Fires are something we deal with in Arizona every summer. Arizona is a desert, with lots of dry brush and large stands of parched Ponderosa Pines, Alligator Juniper, Quaking Aspen, Colorado Blue Spruce, and lots of other trees you probably don’t associate with a state that puts a Saguaro on its license plate. The summer is supposed to bring our monsoon season. While rain is a feature, so are high winds and exquisite amounts of lightning strikes. The danger these elements present is apparent, and the conversation about fires and fire safety that follow are not new to Arizonans.

This time, because of the tragic loss of life, a new conversation has started. Several of the firefighters that were killed on June 30 were not full-time employees of the Prescott Fire Department’s Granite Hotshot Crew. Rather, they were seasonal employees. As such, certain death benefits are not provided to the families of the firefighters.

All of the families are receiving a one time payment of a little more than $328,000. There are also a number of funds, charitable groups, and professional associations that provide material and financial assistance to families of fallen firefighters.

Both the widow and mother of one of the seasonal Hotshots are trying to obtain further survivor benefits that will be received by families of firefighters who were classified as full-time employees. Ashcraft was not considered a full-time employee, nor did he contribute to the system that funds the lifetime benefits for survivors.

There have been some reports that the City of Prescott told family members of those firefighters classified as “seasonal” that the would posthumously reclassify the Hotshots as full-time employees. Yet, an official statement released August 5 by the City of Prescott denies that such a promise was made or that it would even be legal or possible to retroactively change the employment status of the Hotshots.

In a tragedy like this where there is generally no one to blame, yet the rawness of emotion desperately demands accountability from someone, a tangible antagonist is usually sought. The City of Prescott is assuming that role, though it seems it may be undeserved.

The city intends to meet its financial obligations to the firefighters’ families, as their employment classification warrants. The question is: does the suddenness of tragedy and grief require an unprecedented change to provide for the financial security of those left in altered lives? Outside of city benefits, there are other methods to obtain financial security for your family should the unthinkable happen. Many members of law enforcement, EMS, and the military would say that it is the responsibility of the service member to make sure he or she has an alternate form of life insurance in place.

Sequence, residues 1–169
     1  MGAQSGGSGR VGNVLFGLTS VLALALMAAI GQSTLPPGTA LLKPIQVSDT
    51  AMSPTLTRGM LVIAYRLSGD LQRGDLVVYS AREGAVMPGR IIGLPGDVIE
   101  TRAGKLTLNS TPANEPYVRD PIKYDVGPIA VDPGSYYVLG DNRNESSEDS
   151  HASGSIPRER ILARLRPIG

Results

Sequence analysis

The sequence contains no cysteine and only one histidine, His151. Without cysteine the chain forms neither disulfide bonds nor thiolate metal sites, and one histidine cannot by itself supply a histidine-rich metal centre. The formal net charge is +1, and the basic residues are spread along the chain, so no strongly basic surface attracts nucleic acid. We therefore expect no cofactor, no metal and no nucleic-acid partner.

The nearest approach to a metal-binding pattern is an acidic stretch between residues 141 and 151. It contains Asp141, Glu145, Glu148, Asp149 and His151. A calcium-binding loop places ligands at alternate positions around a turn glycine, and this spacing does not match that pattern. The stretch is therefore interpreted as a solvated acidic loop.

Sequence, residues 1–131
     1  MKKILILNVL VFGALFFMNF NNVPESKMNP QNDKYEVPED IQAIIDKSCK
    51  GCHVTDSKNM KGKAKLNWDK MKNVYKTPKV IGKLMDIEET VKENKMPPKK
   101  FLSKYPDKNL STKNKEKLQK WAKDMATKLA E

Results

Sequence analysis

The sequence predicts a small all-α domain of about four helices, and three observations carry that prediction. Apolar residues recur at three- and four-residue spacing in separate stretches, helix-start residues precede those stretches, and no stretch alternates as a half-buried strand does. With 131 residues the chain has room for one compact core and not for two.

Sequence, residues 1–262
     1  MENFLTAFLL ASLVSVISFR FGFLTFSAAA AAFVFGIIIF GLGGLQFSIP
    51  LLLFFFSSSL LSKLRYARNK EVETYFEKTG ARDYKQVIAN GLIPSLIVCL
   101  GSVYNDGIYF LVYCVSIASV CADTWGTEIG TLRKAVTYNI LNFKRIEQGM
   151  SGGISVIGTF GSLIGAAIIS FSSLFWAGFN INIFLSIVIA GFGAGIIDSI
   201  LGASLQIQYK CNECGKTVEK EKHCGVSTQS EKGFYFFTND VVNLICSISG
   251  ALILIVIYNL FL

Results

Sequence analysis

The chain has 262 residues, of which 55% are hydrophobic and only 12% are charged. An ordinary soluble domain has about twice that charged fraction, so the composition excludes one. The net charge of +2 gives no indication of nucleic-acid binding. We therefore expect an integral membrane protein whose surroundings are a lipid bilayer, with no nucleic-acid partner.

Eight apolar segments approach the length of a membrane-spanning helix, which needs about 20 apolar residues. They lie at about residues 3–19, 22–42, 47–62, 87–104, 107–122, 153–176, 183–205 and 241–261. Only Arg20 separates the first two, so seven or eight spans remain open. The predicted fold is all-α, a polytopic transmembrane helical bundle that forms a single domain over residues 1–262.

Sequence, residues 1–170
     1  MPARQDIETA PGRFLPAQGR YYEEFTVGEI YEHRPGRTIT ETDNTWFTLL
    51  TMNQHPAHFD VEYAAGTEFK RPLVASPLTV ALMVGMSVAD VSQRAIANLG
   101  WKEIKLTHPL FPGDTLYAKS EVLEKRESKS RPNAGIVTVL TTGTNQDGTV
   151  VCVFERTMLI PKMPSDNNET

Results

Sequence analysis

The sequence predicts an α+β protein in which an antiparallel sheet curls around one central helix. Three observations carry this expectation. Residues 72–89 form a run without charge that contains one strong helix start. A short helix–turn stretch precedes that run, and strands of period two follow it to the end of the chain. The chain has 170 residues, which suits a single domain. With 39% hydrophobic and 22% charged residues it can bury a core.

This situation puts in sharp relief, a trend that has developed in our culture over the last several years. The trend of thinking that, when disaster strikes, someone ought to do something. We’ve started to think that Someone Ought To Do Something, regardless of the cost or any particular obligation on the part of Someone to actually provide a service they were not engaged to provide. Part of being a free society is that outcomes are not guaranteed. This means risk is an inherent part of freedom. How we want to protect ourselves and our loved ones when risk becomes real is entirely up to us.

The loss of 19 firefighters – fathers, sons, brothers, friends – is a heart-rending tragedy. Unfortunately, tragedies will continue to happen. The 19 firefighters exhibited fearlessness and willingness to put themselves face-to-face with danger and uncertainty. That quality was what defined and built this country. It’s quite a difficult quality to come by these days, where security is highly sought after. But, perhaps we could learn a lesson from the men no longer with us: risk sometimes has to be taken, without the thought of recompense.

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The Kids Aren’t Alright

What is going on in this world? Because everywhere I look it seems like it’s on its head – all year, even.

I mean, there has been a little bit of crazy happening all over. Just look around, bombs are going off while drones fly overhead, and local murder cases are spawning national protests. But that’s not all, do you remember back when there was no Pope? That’s pretty rare. Do you know who the last people to say “I remember when there was no Pope” were? People who lived 700 years ago, that’s who!

A brief history

I have on many occasions pointed out the upside-downedness of the things our planet is going through this year. In January America went off the dreaded fiscal cliff and into the depths of the sequestrial ocean. Then in February, no sooner than Carnival could rescue the more than 4,200 passengers and staff aboard its drifting cruiseliner from certain destruction in the Gulf of Mexico, Kim Jong-Un pointed his nukes across the Pacific and threatened to improve his technology enough to actually fire them sometime around March.

Mysteriously, when the tragic act of terrorism happened in Boston a few weeks later, North Korea completely vanished from the world news scene, and before anyone had time to get a new grip on the world, West, Texas exploded!

I could go on to review the many uprisings in Africa and the Middle East, talk of tornadoes and meteor explosions over Russia, or walk you to the world of Weiners and scandals, but I think by now you get the idea that 2013 is turning out to be a crazy year.

They come in threes…

Before I break down into a well thought-out conspiracy theory, there’s one more bizarre series of events to convince you of just how much this whole year has gone off its tracks.

I’m talking about the train wrecks.

There have been three people hit by a train on the same railway system England in one week. No word on whether it was the same train each time, but I’d be sure to look both ways before crossing the tracks in North Staffordshire. On top of that, there was the high-speed derailment in Spain last week, and a head-on crash in Switzerland this week.